Organizational Role Stress: Perceptions of Women Agricultural Assistants from Kerala

Anshida Beevi, Monika Wason R.N.Padaria, Premlata Singh, Pramod Kumar , Eldho Varghese and Niveta Jain

Abstract


Stresses disrupt the physical or psychological functioning of individuals. Occupational Stress occurs in a reaction
to events or situations in the work environment. Different studies have classified occupational stress in terms of
different aspects such as physical environment, role stressors, organizational structure, job characteristics and
professional relationships. Organizational Role Stress (ORS) is defined as the stress resulting from the occupation
of an organizational role and performing or not being able to perform therein (Pareek.1983). The present study has
been undertaken to understand the perceived organizational role stress by the women agricultural assistants from
Kerala State Department of Agriculture. Expost- facto research design was followed in the study. A sample comprising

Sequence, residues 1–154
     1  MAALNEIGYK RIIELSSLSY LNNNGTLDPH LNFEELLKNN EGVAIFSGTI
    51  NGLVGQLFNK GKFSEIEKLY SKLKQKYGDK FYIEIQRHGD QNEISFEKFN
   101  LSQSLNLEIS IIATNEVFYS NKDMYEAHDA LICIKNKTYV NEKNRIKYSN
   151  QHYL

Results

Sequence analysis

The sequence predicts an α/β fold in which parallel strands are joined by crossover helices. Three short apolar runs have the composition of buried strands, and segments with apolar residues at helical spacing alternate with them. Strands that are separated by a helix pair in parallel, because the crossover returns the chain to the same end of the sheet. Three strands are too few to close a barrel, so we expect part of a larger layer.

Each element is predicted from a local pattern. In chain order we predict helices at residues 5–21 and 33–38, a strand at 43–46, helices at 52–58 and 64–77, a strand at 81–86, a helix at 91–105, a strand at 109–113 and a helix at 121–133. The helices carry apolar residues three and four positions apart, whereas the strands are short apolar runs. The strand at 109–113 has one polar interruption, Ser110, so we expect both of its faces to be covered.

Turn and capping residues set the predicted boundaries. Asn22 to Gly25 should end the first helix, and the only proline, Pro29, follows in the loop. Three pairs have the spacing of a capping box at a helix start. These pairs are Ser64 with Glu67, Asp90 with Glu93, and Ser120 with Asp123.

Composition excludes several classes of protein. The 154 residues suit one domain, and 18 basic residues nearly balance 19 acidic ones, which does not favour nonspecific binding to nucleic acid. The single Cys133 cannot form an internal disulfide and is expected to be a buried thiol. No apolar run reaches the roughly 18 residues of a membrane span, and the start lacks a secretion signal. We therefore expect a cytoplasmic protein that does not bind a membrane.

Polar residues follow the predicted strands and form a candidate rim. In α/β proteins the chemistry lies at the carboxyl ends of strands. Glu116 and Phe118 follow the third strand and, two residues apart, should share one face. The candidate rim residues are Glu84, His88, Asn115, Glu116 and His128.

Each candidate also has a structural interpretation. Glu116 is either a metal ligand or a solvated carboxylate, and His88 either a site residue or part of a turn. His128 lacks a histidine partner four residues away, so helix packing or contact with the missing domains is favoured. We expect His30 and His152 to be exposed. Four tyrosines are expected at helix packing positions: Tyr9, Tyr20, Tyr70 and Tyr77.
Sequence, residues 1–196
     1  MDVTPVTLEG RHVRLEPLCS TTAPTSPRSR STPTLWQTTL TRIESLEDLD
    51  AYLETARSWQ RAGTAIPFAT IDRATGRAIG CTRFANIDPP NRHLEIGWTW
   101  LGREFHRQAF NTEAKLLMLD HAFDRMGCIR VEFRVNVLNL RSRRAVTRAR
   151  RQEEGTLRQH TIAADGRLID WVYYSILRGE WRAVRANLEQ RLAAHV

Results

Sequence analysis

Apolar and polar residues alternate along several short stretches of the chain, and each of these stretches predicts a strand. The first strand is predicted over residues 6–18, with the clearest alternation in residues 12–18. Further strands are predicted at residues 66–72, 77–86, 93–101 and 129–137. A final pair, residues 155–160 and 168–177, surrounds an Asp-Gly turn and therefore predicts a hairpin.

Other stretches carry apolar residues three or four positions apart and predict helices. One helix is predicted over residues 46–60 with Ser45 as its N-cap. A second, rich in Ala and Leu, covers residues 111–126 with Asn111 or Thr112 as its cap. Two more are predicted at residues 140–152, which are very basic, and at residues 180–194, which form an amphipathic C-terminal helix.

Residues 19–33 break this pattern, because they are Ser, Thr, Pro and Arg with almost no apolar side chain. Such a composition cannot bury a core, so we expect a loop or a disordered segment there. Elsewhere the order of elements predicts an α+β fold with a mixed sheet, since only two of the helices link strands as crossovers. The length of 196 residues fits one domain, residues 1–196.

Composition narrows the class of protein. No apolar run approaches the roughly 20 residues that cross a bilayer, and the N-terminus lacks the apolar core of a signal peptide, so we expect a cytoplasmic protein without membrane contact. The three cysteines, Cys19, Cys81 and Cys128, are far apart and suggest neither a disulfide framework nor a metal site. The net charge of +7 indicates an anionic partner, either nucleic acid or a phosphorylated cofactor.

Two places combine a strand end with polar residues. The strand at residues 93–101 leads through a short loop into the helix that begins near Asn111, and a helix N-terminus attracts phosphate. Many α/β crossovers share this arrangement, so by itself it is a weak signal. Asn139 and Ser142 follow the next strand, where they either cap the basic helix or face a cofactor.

of 120 women agricultural assistants were selected through multistage random sampling. Organizational role
stress was measured using a Likert-type scale, which consisted of two broad groups of stressors namely family role
stressor and work role stressors. The scale was pre-tested during pilot study and Cronbach’s alpha found to be 0.95
which was significant. The study found that except role erosion stressor, all other role stressors were at moderate or
high level. Further, non-parametric two-way analysis showed that there was a highly significant difference between
different stressors. Stress due to role overload followed by inter-role distance was the major problem with mean
ranks 9.783 and 7.871 respectively.


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